Whether these risks relate to new or existing customers or even with suppliers, the only way to mitigate them is by having a clear, up-to-date insight into each business’s associated risks. To do that corporates can source data through a Business Information Report (also known as BIR)through an independent agency such as CRIF.

Corporates use the BIR as it provides an in-depth profile of a company, including financial statements, business trends, history of business, ownership details, operational information, and details on related firms and any special events that occurred in the past involving company management. CRIF also provides a risk indicator and an indicative credit limit to support business managers with their decision.

A Business Information Report is not limited only to domestic companies. If you are dealing with businesses from any other country, companies such as CRIF can help facilitate getting you a reliable and insightful freshly investigated business information report through its network across the globe. Lenders also use business information reports as a tool to assess credit risks originating from third parties especially while financing a company involved in cross-border transactions.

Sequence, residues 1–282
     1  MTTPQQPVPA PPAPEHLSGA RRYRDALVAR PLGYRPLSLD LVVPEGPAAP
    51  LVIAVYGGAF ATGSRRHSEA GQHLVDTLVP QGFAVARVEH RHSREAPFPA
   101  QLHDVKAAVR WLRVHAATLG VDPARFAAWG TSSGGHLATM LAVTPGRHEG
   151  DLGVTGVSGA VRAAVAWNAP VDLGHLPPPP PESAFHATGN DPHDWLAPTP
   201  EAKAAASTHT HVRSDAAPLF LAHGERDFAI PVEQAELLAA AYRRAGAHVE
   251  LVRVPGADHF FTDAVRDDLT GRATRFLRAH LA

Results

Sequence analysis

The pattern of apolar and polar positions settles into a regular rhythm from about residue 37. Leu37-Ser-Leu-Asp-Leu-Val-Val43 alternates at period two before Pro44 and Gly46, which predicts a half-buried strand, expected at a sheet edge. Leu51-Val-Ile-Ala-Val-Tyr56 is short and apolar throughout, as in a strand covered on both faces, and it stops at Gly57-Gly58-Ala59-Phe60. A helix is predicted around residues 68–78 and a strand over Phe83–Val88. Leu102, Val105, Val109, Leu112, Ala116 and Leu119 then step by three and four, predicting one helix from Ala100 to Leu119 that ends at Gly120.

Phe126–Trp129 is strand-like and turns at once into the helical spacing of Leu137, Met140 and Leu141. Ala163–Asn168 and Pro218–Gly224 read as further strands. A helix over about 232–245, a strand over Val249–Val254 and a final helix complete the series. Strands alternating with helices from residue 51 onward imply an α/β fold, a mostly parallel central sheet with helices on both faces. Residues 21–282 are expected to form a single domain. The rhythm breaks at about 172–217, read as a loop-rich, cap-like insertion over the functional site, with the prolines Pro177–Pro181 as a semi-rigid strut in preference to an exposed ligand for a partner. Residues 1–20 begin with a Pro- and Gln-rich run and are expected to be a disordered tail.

Now that you understand the basics of credit risk management, leverage the power of these proven tools to secure your business.  You can begin by checking your own or your business credit score here. Learn more about techniques in credit risk assessment here.

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Guest 
on 27 October 2018